It reheats the solder under BGA chips so it can reconnect. I doubt heat, or anything, can fix anything broken inside a chip.
 
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#15
Baking helps in case of cold solder joints, mostly bigger BGA chips.
I've reflown couple with rework station, didn't help.
When ram dies its mostly bad memory IC, and not connection kind of deal.
 

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#16
Sorry everyone, should have stated at first that I'm not exactly looking for advice but only interested in if people have tried backing their RAM. I have resurrected the main board in my LCD TV, a handful of graphics cards, and a laptop motherboard using the oven and heat gun. I am 100% sure that this RAM (Patriot Viper DDR2 800MHz 4-4-4-12... the green sticks) should work on this board (GA-P43-DS3L). I did try throwing the pair in with my existing pair (same timings and size but different brand), trying them by themselves, trying one stick at a time (both failed to POST) and then verifying that one stick of my old pair worked in the same slot (so not the slot and verified the board would boot with one module) then cleared the CMOS and tried one stick at a time again. I know these are double sided so I'll have to use the heat gun to flow one side then the other instead of the oven to avoid components from falling off on the "bottom" side. I was simply curious to see if people have been trying to oven bake RAM. (Again, I have baked video cards which I know also reflows the memory but I haven't heard of anyone trying it on a stick of RAM).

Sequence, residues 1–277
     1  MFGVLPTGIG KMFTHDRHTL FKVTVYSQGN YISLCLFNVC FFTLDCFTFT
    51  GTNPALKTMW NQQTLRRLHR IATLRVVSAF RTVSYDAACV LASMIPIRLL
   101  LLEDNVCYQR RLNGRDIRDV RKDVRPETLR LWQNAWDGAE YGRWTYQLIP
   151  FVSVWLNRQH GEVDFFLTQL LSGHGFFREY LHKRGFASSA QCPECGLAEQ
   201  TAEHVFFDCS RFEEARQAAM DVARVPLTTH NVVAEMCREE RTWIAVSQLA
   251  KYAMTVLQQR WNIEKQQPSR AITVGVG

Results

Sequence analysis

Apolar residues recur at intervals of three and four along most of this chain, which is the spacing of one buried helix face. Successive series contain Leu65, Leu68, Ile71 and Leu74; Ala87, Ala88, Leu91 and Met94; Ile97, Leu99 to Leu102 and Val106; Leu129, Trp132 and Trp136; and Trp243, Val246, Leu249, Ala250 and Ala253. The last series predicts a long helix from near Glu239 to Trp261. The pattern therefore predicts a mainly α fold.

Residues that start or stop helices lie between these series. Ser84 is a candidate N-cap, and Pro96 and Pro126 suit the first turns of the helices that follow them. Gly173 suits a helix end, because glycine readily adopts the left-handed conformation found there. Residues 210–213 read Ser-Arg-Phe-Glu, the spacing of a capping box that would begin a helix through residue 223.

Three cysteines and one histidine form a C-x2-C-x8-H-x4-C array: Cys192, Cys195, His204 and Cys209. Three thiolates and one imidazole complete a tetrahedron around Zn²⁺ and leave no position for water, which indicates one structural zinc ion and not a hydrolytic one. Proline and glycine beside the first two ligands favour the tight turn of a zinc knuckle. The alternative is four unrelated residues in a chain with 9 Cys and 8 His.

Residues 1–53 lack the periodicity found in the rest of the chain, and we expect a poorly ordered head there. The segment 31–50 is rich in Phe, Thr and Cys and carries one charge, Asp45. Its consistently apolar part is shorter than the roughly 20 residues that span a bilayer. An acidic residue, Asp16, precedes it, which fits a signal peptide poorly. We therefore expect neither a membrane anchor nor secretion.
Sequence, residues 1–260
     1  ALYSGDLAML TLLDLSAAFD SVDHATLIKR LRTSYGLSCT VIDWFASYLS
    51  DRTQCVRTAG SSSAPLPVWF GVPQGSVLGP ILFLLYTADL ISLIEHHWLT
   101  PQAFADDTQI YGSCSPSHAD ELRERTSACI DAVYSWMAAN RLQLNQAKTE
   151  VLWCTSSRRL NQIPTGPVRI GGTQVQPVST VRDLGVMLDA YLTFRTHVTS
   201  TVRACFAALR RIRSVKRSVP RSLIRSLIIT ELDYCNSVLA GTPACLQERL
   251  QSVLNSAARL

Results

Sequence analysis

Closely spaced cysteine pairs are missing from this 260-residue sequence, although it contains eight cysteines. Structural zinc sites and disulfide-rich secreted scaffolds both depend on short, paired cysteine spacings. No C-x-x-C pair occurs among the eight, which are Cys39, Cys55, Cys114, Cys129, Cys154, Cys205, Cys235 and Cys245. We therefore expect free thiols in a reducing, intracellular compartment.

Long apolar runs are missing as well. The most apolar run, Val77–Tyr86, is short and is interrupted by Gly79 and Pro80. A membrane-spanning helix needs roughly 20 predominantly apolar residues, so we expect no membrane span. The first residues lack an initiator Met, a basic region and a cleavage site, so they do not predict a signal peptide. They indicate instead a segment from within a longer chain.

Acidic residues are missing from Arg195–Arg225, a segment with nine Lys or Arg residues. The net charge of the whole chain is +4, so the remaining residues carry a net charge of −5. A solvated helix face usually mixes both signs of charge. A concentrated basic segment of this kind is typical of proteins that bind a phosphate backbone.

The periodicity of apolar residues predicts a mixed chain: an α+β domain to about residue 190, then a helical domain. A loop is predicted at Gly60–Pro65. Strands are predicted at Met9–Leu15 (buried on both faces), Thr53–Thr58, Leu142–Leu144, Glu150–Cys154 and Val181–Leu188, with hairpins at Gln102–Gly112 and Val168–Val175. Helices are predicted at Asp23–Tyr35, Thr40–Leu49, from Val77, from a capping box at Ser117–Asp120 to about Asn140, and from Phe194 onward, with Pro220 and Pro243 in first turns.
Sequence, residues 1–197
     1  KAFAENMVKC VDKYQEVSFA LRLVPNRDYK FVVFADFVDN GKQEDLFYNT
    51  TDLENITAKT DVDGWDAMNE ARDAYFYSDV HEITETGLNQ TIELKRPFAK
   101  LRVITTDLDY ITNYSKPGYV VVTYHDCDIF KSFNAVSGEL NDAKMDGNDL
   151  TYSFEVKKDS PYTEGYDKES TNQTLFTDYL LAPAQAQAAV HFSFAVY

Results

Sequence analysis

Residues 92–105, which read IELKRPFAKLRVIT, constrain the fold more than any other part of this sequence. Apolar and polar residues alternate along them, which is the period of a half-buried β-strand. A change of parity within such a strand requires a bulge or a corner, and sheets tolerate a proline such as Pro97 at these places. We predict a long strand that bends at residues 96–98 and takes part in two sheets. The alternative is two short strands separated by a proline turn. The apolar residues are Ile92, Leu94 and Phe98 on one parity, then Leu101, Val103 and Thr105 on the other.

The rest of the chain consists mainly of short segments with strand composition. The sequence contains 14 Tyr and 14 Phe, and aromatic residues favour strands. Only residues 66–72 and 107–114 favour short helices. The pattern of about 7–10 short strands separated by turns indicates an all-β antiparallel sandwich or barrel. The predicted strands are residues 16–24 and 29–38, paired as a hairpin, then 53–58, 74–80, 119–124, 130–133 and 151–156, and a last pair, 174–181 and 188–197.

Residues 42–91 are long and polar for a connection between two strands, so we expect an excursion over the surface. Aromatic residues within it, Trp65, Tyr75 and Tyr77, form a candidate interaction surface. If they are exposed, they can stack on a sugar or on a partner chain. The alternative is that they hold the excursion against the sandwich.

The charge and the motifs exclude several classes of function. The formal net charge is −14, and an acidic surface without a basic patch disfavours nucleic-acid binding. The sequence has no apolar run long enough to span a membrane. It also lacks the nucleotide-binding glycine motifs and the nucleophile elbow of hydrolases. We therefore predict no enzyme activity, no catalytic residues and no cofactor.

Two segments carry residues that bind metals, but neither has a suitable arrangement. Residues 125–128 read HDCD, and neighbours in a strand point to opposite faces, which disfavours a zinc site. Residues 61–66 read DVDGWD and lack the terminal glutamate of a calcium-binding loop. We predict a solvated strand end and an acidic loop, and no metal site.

Iv baked GPUs and PSX multiple times to fix NAND chip issues (specifically VRAM) and it has always worked in my case. not individual sticks though.
 
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#17
Anyone ever oven baked RAM modules?
Baking any piece of hardware doesn't fix anything (including laptop motherboards and GPUs). It only prolongs the miserable lifespan of an already faulty hardware in a few lucky cases.

In case of your RAM sticks, I would suggest to get a refund as fast as possible. If those are cheap Kingston DDR2 modules by any chance, they are most likely fake (check the authentic label guide on Kingston website), and probably did not work off the start. I've seen dozens of those, and even got scammed once myself (DDR2 did not survive even the first week of use, and only worked on one AM2 board).